A jury acquitted a Suffolk County man Tuesday of any role in setting fire to a doctor’s office, rejecting testimony from government witnesses in a case prosecutors framed as a cardiologist’s attempt to burn down a rival’s business.
Defendant James Kalamaras, 42, closed his eyes and bowed his head after hearing not guilty verdicts on the arson, burglary and criminal mischief charges against him.
The tattoo artist and felon had been facing up to life in prison if he’d been convicted.
“I’m very blessed,” he later said of a verdict that followed about three hours of jury deliberations.
Nassau prosecutors had accused Kalamaras of using bottles of gasoline to fuel a Feb. 25, 2015, fire that did $65,000 in damage at the Great Neck office of Dr. Martin Handler.
The district attorney’s office had alleged Handler’s ex-employee, Dr. Anthony Moschetto, hired accomplice Nicholas Baialardo to arrange the fire and gave him a building key.
Moschetto, 55, of Sands Point has pleaded not guilty to a 77-count indictment that includes a murder-for-hire plot against the same doctor, along with arson, drug and weapons counts.
Prosecutors had said Baialardo recruited Kalamaras to set the fire and James Chmela as the getaway driver who also supplied the key, gasoline and other items to Kalamaras.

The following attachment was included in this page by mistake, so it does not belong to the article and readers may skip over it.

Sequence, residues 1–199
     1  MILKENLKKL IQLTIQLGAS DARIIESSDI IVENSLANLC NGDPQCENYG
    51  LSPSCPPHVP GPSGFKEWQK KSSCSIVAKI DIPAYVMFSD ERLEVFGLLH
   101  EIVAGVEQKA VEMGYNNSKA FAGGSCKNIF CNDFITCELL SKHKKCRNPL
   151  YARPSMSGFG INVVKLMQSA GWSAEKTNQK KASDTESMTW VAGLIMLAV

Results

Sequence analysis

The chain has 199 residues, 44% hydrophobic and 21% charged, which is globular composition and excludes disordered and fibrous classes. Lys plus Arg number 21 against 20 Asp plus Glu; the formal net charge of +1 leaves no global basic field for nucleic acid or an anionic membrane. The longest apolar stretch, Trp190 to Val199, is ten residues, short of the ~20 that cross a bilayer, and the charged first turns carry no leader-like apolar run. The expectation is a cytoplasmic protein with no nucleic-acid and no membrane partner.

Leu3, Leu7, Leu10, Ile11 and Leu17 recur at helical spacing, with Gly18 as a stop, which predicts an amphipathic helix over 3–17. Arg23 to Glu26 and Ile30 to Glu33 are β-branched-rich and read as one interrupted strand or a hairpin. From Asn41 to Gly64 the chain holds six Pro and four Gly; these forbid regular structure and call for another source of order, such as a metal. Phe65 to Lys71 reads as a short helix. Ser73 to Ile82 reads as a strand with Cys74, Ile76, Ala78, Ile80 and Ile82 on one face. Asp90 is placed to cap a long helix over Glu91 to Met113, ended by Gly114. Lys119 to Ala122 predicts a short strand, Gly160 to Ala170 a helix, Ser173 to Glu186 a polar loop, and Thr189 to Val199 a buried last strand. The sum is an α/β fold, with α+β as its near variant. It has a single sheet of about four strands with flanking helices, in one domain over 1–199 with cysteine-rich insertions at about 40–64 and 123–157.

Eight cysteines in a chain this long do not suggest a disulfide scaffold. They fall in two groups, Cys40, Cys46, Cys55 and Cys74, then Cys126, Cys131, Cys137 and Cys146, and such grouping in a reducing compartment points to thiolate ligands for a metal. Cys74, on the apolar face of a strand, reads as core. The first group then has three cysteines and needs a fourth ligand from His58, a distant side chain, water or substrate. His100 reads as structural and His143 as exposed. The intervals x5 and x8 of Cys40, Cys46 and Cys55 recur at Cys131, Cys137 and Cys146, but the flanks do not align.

But the jury decided testimony from Baialardo and Chmela, who pleaded guilty and struck cooperation deals with prosecutors, wasn’t reliable.
“They just didn’t seem credible,” jury foreman Joseph Sblendorio, 33, said in an interview after the verdict.
He added jurors felt it was possible Chmela set the blaze — something defense attorney Steven Barnwell suggested in his closing argument.
The foreman also said jurors rejected the testimony of an eyewitness who identified Kalamaras as the man he saw running from the burning building, but only after first picking out two other men as people who “looked like the guy” he saw that night.
Juror Jessica Smith, 30, said in an interview that the testimony of Baialardo and Chmela contradicted each other on some points.
“Since much of the evidence came from them, I think the jurors . . . couldn’t put any credibility in them and as such found my client not guilty,” Barnwell said of the government cooperators.
Another juror told prosecutors outside the courtroom that the panel had doubts it had been Kalamaras on the other end of a recorded phone call Baialardo made after becoming a police informant.
Baialardo, who also testified he and Moschetto teamed up to traffic oxycodone and guns, told jurors it was a call between himself and Kalamaras. Barnwell suggested, however, the call was a setup by a police informant working with another government cooperator to frame his client.
But prosecutor Anne Donnelly had argued Kalamaras repeatedly incriminated himself on the call, including by offering to do the job again if he got paid more money.
She had addressed the character of the cooperating witnesses by saying that while they were “no altar boys,” criminals operate “with people who are on the fringes of society.”
A district attorney’s office spokesman declined to comment on the verdict.
During the trial, Handler had testified he got a menacing call about a month before the fire that warned his family would get hurt if he interfered with Moschetto’s plan to pick up personal belongings and a fish tank at his Great Neck office.
Authorities have said the relationship between the doctors soured due to a professional dispute, and testimony showed money was at the heart of it.
Moschetto faces a separate upcoming trial.